“I don’t need any help. The police don’t want any from me. There’s nothing I can do for Mrs. Grayle. She has a yarn about a beer parlor where a car started from and followed them, but what does that amount to? It was a crummy dive on Santa Monica. This was a high-class mob. There was somebody in it that could even tell Fei Tsui jade when he saw it.”
“If he wasn’t tipped off.”
“There’s that too,” I said, and fumbled a cigarette out of a package. “Either way there’s nothing for me in it.”
“Not even about psychics?”
I stared rather blankly. “Psychics?”
“My God,” she said softly. “And I thought you were a detective.”
“There’s a hush on part of this,” I said. “I’ve got to watch my step. This Grayle packs a lot of dough in his pants. And law is where you buy it in this town. Look at the funny way the cops are acting. No build-up, no newspaper handout, no chance for the innocent stranger to step in with the trifling clue that turns out to be all important. Nothing but silence and warnings to me to lay off. I don’t like it at all.”
“You got most of the lipstick off,” Anne Riordan said. “I mentioned psychics. Well, good-by. It was nice to know you — in a way.”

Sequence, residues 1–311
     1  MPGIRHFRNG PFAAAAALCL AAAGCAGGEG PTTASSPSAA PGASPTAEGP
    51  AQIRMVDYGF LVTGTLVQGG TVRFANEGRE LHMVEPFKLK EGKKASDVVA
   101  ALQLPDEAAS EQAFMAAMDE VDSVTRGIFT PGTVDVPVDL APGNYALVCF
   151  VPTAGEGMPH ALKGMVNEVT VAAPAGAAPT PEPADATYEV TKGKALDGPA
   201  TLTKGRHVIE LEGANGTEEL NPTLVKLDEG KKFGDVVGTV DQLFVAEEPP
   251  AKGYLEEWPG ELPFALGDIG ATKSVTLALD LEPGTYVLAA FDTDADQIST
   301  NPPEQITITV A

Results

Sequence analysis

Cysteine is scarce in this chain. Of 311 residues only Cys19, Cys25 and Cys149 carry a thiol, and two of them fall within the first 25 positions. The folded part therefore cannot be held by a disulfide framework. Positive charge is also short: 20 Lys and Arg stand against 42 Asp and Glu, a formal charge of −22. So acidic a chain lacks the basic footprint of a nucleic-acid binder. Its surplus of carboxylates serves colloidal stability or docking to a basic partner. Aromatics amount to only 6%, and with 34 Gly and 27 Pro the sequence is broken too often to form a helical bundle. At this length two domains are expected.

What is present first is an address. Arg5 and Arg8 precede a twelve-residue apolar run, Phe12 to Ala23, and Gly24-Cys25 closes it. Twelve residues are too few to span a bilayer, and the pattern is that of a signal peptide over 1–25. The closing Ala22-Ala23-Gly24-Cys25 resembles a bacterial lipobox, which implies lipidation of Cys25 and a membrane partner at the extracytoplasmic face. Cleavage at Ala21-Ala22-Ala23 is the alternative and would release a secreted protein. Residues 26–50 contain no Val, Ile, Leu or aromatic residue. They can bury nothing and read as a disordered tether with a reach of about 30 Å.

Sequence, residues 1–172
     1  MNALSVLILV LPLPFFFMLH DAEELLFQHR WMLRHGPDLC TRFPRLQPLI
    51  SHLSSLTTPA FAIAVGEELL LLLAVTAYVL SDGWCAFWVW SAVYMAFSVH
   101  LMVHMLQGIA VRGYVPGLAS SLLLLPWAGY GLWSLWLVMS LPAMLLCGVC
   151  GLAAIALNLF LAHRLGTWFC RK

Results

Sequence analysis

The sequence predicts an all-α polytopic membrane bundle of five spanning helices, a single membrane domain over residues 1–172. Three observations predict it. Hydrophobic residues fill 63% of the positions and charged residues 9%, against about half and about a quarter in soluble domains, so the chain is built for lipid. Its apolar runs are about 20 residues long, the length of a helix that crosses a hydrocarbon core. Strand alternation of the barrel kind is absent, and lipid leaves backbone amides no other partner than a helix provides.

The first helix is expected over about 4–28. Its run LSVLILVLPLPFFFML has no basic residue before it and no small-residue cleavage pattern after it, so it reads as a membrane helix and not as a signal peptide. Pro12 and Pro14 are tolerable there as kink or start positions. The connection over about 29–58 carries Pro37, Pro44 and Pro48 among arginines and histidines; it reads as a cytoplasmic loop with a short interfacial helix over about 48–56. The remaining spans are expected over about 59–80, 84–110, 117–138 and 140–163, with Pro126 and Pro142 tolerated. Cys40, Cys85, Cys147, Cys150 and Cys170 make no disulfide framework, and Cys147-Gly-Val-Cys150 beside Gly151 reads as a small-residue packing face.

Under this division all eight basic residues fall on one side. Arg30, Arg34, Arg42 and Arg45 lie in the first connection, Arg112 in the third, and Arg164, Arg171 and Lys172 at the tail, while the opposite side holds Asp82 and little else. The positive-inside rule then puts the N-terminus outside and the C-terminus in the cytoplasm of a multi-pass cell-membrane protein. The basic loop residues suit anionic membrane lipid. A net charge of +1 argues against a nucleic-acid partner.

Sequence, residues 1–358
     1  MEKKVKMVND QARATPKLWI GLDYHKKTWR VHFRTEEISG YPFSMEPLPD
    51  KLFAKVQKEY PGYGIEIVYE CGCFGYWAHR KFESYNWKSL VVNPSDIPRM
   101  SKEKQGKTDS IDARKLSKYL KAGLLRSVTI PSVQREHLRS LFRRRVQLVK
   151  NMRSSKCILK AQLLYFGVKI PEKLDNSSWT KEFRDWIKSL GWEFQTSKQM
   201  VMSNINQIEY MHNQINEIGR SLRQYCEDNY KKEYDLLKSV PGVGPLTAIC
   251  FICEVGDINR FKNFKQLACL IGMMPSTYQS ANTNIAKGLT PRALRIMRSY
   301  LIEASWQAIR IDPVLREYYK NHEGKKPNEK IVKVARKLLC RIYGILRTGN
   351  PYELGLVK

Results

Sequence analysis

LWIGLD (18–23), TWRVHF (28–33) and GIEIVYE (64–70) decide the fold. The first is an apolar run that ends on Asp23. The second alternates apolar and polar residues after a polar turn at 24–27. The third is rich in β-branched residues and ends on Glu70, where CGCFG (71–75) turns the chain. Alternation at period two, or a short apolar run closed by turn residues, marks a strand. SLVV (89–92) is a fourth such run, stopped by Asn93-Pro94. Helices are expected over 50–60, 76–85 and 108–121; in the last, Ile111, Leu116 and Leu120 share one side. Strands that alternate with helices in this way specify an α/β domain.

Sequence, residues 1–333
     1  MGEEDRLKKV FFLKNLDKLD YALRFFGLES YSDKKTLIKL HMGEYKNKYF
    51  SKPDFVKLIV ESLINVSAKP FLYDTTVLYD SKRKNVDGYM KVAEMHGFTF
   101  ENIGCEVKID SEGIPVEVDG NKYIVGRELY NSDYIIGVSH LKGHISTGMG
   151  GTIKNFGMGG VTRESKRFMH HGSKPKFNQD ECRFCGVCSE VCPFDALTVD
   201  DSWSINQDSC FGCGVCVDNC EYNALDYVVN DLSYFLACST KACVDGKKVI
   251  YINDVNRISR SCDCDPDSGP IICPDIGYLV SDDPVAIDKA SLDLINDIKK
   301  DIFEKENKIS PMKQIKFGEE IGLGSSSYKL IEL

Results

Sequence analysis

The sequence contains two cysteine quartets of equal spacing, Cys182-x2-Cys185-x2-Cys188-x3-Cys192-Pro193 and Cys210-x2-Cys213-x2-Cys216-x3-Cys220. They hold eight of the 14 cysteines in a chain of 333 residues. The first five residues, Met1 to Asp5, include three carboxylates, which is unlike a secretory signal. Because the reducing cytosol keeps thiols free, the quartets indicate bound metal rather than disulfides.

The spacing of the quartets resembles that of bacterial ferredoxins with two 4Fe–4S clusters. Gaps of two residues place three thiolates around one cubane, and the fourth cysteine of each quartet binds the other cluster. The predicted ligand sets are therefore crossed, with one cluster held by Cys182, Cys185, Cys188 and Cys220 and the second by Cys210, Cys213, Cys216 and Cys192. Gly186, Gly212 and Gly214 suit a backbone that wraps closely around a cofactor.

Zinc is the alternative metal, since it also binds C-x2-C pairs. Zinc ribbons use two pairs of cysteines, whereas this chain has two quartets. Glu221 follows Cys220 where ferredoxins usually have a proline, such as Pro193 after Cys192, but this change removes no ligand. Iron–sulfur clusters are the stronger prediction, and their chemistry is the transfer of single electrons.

She pressed her starter button and jammed her gears in and was gone in a swirl of dust.
I watched her go. When she was gone I looked across the street. The man from the panel truck that said Bay City Infant Service came out of the side door of the house dressed in a uniform so white and stiff and gleaming that it made me feel clean just to look at it. He was carrying a carton of some sort. He got into his panel truck and drove away.
I figured he had just changed a diaper.
I got into my own car and looked at my watch before starting up. It was almost five.
The Scotch, as good enough Scotch will, stayed with me all the way back to Hollywood. I took the red lights as they came.
“There’s a nice little girl,” I told myself out loud, in the car, “for a guy that’s interested in a nice little girl.” Nobody said anything. “But I’m not,” I said. Nobody said anything to that either. “Ten o’clock at the Belvedere Club,” I said. Somebody said: “Phooey.”
It sounded like my voice.
It was a quarter to six when I reached my office again. The building was very quiet. The typewriter beyond the party wall was still. I lit a pipe and sat down to wait.
The Indian smelled. He smelled clear across the little reception room when the buzzer sounded and I opened the door between to see who it was. Ho stood just inside the corridor door looking as if he had been cast in bronze. He was a big man from the waist up and he had a big chest. He looked like a bum.